Small Island is a beautifully constructed, well-made, thought-provoking film. The characters are the kind that stay with you - you can't help but mull over their situations and choices and responses to situations long after the film ends. I'm so, so glad Masterpiece introduced this powerful story. Small Island could have been a very dark and rather bleak story, but there's so much hope here, so much courage in these characters' lives that quite honestly I came away enriched by the story. Now to make time for the book... ;-)

Saturday, May 8, 2010

Foyle's War continues tomorrow...

Just a reminder that Masterpiece Mystery continues tomorrow with a brand new episode of the always excellent Foyle's War. This episode is entitled "Killing Time" - here's a bit about the story:
All-new episodes of Foyle's War continue on MASTERPIECE MYSTERY this Sunday, May 9, 2010. In Killing Time, racial tensions are running high between black American GIs and Hastings locals. With tempers flaring, Christopher Foyle must get to the bottom of a vicious murder, bringing him into a confrontation with the U.S. Army. (One episode; 90 minutes; TV-PG)
Considering I'm in the middle of watching Small Island which is largely concerned with racial tensions in postwar England, I'd say this story is quite timely...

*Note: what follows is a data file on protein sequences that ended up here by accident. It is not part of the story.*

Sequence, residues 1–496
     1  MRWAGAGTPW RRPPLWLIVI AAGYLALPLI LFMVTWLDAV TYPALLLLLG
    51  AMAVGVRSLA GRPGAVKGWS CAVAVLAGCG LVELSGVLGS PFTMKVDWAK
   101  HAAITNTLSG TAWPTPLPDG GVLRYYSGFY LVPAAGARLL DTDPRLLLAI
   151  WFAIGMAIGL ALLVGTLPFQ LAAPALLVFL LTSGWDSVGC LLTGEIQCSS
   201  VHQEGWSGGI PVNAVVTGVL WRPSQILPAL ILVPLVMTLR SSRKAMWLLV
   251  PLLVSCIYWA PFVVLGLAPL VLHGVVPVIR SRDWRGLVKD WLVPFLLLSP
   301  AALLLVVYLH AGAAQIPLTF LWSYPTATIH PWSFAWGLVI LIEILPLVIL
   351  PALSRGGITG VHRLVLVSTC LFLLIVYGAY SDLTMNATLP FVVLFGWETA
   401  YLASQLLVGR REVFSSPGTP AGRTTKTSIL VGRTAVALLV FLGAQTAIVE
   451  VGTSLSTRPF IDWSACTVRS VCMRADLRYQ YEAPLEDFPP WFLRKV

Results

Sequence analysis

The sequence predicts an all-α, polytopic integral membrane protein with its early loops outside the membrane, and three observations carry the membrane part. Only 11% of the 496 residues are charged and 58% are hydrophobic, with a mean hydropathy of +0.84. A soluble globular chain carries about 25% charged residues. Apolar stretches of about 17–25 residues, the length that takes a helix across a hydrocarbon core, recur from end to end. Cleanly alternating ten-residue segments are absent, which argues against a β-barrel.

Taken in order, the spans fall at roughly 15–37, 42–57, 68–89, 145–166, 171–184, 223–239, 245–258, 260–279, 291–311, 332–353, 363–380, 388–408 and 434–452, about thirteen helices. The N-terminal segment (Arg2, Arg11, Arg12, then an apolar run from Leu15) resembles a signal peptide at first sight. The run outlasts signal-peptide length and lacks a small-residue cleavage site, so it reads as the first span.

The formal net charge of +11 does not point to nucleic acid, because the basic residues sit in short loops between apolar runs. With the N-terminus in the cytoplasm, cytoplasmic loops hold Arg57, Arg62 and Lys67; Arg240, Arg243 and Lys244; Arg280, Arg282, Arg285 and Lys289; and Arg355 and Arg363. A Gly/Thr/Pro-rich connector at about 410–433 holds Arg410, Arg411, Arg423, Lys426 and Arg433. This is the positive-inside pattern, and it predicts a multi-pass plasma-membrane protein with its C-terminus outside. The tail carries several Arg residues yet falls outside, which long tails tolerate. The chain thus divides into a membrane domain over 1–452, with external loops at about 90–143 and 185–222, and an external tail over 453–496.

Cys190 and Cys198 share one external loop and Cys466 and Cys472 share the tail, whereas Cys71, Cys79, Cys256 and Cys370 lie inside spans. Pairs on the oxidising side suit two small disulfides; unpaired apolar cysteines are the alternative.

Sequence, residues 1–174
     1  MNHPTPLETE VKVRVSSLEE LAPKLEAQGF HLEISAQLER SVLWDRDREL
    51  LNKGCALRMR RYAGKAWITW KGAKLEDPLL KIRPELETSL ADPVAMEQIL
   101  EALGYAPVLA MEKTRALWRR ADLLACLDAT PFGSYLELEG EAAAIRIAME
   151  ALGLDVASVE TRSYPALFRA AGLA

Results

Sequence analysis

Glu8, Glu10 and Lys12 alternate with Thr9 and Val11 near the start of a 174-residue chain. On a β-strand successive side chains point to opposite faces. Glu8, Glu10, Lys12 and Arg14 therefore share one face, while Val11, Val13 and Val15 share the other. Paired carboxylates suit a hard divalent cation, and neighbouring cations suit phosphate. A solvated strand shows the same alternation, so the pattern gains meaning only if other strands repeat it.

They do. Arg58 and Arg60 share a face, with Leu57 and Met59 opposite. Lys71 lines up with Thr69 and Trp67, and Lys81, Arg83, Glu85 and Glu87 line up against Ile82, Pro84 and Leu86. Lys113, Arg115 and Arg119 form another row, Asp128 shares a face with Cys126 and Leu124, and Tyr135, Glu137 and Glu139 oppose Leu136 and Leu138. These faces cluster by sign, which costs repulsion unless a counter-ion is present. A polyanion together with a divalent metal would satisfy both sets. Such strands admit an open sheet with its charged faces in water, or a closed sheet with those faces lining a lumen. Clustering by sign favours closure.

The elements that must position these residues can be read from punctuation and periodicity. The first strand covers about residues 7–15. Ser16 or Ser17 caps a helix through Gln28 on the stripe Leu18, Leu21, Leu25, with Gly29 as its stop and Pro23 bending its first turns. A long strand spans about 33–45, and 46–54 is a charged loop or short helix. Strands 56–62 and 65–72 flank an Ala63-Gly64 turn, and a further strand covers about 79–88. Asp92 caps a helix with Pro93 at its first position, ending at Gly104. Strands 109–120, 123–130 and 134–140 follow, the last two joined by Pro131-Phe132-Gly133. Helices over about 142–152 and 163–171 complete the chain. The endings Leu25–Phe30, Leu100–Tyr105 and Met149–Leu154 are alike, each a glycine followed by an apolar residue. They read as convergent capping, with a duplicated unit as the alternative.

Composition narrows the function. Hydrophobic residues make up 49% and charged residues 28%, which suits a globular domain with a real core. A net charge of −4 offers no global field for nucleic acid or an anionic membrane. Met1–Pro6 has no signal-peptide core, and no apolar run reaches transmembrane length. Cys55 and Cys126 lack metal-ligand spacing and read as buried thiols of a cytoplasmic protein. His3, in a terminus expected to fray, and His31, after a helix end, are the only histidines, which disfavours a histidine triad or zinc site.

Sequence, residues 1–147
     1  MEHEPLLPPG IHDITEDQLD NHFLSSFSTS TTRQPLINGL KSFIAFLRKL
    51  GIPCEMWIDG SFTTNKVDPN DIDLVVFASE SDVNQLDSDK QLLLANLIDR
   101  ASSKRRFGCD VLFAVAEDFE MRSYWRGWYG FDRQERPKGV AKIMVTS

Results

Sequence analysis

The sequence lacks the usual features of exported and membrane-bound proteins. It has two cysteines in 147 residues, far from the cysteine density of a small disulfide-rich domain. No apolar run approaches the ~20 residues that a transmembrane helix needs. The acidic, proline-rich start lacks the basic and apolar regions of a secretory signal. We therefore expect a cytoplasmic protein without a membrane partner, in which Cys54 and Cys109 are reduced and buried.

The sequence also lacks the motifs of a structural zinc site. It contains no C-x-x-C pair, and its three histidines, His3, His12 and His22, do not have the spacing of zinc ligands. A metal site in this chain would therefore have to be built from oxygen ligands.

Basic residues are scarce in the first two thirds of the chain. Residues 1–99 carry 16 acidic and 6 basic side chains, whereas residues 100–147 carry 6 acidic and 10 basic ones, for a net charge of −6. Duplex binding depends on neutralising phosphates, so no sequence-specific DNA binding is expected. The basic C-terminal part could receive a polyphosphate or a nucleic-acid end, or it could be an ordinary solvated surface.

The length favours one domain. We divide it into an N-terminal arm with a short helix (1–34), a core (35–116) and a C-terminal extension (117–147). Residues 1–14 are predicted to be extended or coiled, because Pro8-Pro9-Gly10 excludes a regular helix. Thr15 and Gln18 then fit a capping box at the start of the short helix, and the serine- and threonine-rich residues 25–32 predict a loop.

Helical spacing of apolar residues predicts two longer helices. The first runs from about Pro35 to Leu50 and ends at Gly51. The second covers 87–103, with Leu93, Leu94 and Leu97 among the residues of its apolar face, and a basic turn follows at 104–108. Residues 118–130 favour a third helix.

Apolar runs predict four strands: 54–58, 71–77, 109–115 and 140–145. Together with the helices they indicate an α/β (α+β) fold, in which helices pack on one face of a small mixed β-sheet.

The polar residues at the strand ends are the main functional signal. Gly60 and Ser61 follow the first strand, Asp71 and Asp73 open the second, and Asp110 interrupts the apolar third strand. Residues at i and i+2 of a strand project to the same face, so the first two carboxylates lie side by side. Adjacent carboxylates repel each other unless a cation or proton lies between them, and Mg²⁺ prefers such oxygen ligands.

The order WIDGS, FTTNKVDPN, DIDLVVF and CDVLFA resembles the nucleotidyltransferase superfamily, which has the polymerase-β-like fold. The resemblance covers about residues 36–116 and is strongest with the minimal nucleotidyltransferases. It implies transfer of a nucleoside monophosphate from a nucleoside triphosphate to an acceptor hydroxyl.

Small Island, part 1


I finally started watching Small Island, the final offering of the 2010 Masterpiece Classic season. Halfway through the program, I am incredibly impressed. Here's the brief summary from the PBS website:

"This island is too small if you have big dreams...Without dreams we are nothing."
Hortense in Small Island
Born into a broken home and an impoverished life in Jamaica, Hortense (Naomie Harris) longs for a fulfilling life in England; one with a fine house and a doorbell. The door of opportunity swings open, and Hortense is married and on her way to the promised land of post-war Britain. Steadfast dreams are soon tested by hard realities as Hortense and her husband Gilbert (David Oyelowo) face racism and poverty. In the small-minded country, their only saving grace is Queenie (Ruth Wilson, Jane Eyre). But Queenie faces her own disillusionment, married to the kind but dull Bernard (Benedict Cumberbatch, The Last Enemy). Bonded by high hopes and broken dreams, these four lives fuse together in a powerful and hopeful story of love and fulfillment. Small Island is based on the award-winning, bestselling novel by Andrea Levy. (Two episodes; 90 minutes each; TV-MA, S)
With an epic feel, and covering a nearly ten year time frame, Small Island is the fierce and passionate story of five individuals and how their lives intersect during and after World War II. It's an in-depth look at a period in English history that the mystery series Jericho first introduced to me a couple of years ago - Jamaican immigrants to England during the postwar years. England may not have had an official segregation policy like the United States, but prejudices were very much alive, only perhaps manifested in a different manner.